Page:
58% of non-vaccinating dairy farms and 22% of non-vaccinating beef farms test positive for exposure to leptospirosis1. In the UK, two strains have been identified – Leptospira interrogans serovar hardjo and Leptospira borgpetersenii serovar hardjo2.

In some cases, the effects of leptospirosis can be dramatic. For example, in a leptospirosis outbreak in Ayr3, 12 cows from a herd of 160 experienced a sudden onset drop in milk production. In many cases, however, the underlying effects can go un-noticed but cause huge financial losses. These may include reduced milk yield, reduced fertility, weak calves and an increase in abortions. Leptospirosis also infects people, with cattle farmers at particular risk4 from the urine of infected cattle. This may result in protracted flu-like symptoms and, in rarer cases, liver and kidney failure5.
Risk factors for leptospirosis in cattle include buying-in stock of unknown disease status, using a bull of unknown disease status, grazing near waterways and grazing with sheep.
Vaccination remains an important control measure and continues to be effective at reducing the incidence of clinical disease6 and the risk of infection. Leptavoid®-H is the UK’s leading leptospirosis vaccine7 and the only one licensed to protect against BOTH UK strains and licensed to improve herd fertility, where infertility is caused by L. hardjo. It is important that your herd is fully vaccinated before Spring turnout because at grass uninfected cattle are exposed to the urine of infected animals. Natural service also spreads leptospirosis so remember to vaccinate the bull.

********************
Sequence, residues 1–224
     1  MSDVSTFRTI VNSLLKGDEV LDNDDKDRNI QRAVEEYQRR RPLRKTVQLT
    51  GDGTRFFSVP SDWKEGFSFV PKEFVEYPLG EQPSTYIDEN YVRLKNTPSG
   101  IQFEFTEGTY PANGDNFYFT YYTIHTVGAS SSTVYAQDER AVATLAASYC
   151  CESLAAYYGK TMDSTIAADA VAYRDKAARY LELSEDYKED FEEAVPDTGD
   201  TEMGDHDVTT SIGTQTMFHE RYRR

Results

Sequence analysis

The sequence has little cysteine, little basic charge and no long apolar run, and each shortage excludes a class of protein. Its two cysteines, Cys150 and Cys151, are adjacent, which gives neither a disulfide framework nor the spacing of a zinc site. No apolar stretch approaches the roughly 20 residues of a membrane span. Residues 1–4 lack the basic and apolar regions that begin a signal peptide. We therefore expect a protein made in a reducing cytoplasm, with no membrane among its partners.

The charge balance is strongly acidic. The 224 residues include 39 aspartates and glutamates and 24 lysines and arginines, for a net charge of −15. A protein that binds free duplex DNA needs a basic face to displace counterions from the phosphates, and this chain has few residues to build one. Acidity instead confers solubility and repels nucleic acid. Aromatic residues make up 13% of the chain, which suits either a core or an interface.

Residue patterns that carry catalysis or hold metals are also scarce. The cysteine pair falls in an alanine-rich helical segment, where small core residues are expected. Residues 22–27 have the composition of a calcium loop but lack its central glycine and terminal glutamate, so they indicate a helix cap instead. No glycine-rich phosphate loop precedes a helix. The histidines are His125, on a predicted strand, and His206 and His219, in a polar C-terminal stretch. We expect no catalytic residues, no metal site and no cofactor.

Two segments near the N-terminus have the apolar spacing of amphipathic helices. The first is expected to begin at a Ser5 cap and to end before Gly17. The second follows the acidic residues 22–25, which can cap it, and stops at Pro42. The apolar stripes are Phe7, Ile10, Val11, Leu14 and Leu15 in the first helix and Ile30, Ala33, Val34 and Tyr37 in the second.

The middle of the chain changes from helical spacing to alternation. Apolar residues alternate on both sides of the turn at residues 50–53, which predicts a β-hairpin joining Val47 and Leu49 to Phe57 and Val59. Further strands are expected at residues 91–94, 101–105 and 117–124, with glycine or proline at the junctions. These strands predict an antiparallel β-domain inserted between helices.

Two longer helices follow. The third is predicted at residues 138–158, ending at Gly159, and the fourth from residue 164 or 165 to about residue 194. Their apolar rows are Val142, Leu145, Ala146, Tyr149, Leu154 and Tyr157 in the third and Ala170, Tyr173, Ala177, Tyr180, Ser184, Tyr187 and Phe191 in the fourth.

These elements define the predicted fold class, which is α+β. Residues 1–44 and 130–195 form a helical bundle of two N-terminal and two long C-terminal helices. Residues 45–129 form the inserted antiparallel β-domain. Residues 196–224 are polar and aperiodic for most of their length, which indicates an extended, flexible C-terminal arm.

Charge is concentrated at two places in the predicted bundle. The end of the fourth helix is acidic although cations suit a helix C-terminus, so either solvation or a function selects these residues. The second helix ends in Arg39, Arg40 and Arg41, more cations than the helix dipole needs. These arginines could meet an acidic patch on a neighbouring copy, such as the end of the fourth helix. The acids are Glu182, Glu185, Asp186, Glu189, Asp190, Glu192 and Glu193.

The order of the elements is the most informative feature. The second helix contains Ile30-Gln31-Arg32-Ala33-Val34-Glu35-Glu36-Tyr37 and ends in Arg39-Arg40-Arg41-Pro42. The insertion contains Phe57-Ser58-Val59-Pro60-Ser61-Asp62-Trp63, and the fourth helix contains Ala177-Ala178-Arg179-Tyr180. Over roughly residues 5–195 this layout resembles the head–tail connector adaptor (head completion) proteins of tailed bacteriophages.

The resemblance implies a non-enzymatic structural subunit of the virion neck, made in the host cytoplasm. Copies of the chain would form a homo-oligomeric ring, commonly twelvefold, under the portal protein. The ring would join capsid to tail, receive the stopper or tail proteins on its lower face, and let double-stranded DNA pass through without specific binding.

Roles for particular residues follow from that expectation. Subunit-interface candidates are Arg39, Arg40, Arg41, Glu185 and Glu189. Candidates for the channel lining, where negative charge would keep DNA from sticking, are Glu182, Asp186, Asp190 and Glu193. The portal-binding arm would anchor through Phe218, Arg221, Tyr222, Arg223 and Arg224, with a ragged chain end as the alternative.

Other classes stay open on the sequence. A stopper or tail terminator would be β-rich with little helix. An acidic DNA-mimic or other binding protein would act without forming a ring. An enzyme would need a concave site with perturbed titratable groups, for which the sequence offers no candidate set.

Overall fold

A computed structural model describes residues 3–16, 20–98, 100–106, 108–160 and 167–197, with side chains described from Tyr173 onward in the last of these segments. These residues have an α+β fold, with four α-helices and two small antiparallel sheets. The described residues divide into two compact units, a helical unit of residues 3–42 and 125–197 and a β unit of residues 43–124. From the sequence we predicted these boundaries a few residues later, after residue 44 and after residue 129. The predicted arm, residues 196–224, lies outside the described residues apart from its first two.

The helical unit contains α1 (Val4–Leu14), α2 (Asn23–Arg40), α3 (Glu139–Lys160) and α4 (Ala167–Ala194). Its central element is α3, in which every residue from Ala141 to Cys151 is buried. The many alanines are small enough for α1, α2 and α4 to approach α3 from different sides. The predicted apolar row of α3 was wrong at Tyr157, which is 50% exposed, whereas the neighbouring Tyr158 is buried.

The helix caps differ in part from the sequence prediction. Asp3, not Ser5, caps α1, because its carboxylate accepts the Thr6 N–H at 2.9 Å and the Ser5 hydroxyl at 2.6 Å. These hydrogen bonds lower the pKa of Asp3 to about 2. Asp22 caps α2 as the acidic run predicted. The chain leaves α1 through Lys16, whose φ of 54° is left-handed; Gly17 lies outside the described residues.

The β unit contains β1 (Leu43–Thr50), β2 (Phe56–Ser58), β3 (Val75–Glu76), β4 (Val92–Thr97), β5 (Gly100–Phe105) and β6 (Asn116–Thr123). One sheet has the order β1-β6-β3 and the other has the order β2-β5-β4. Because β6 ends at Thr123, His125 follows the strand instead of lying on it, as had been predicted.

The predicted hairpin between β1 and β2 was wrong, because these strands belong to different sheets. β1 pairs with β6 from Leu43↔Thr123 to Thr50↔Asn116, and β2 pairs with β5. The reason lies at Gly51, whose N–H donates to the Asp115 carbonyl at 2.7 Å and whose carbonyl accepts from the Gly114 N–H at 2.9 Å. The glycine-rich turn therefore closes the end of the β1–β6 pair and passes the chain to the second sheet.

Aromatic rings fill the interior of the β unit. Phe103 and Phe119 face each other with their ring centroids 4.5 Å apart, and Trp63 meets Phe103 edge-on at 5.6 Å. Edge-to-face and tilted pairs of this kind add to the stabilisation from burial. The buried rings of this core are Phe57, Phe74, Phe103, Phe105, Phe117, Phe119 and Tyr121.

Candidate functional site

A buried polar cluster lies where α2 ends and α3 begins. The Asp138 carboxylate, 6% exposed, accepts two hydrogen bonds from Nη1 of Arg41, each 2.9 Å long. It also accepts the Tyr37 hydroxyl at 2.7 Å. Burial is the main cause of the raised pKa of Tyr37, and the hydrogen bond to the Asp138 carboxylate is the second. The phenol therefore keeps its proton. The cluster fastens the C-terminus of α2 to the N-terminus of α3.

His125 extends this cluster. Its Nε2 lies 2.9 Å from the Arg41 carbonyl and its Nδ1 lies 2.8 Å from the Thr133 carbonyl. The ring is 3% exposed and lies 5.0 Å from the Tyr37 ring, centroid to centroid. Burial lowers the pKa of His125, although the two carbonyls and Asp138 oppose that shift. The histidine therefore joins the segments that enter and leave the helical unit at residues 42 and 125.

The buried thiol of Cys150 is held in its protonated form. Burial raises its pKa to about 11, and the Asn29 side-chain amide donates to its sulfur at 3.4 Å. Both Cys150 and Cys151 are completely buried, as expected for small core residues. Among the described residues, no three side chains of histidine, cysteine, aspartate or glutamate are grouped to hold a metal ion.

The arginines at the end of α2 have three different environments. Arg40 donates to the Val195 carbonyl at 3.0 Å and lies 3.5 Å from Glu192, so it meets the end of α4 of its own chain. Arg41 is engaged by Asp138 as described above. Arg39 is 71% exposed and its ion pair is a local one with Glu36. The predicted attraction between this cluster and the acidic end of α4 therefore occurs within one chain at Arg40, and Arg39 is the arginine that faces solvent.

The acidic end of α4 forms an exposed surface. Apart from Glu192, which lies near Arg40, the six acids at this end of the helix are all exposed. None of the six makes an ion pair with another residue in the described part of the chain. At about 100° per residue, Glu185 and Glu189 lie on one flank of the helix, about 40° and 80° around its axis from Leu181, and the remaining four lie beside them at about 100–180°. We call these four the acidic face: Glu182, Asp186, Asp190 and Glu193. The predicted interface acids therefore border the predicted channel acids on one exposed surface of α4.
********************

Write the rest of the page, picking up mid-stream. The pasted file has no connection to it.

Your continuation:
It has been found that over 60% of leptospirosis positive farms are also positive for Bovine Viral Diarrhoea (BVD). For added convenience Leptavoid®-H is the only leptospirosis vaccine licensed to be given at the same time (at different injection sites*) as Bovilis® BVD, the UK’s leading BVD vaccine7. This helps to reduce cattle handling and improve on-farm efficiency.
References
1 – BeefCheck and DairyCheck data, October 2013 – March 2015
2 – Ellis, W.A. et al. (1988), Res Vet Sci, 44, p375-379
3 – Milk drop due to leptospirosis in dairy cows, Veterinary Record, 7 March 2015, p247-250
4 – Health and Safety Executive. (2015) Leptospirosis. [Online] Available from: http://www.hse.gov.uk/agriculture/zoonoses-data-sheets/leptospirosis.pdf [accessed 16/11/15]

5 – NHS Choices. (2015) Leptospirosis. [Online] Available from: http://www.nhs.uk/ conditions/leptospirosis/pages/introduction.aspx [accessed 24/11/15]

6 – UK Zoonoses Annual Report. (2014). Non Statutory Zoonoses Annual Report [Online], available from: https://www.gov.uk/government/publications/non-statutory-zoonoses-disease-surveillancereports-2014 [accessed 16/11/15]

7 – Kynetec data MAT December 2017

Print Friendly, PDF & Email